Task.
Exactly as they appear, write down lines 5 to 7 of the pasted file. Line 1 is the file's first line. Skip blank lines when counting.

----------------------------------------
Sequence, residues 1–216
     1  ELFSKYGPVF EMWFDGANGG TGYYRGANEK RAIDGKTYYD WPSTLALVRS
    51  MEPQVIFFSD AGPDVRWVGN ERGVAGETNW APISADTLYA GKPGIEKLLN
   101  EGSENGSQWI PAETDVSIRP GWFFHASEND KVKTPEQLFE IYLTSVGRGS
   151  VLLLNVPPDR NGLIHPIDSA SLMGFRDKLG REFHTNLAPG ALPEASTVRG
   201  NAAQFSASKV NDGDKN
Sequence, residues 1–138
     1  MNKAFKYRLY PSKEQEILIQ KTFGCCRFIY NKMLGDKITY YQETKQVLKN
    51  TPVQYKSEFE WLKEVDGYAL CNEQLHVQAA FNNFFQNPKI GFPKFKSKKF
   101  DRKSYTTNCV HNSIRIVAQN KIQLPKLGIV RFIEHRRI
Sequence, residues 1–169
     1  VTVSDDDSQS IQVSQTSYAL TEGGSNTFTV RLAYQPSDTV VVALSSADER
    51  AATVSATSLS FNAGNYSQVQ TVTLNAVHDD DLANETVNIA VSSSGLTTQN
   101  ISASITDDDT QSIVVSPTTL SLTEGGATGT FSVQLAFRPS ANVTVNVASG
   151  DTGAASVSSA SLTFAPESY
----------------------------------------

   151  VLLLNVPPDR NGLIHPIDSA SLMGFRDKLG REFHTNLAPG ALPEASTVRG
   201  NAAQFSASKV NDGDKN
Sequence, residues 1–138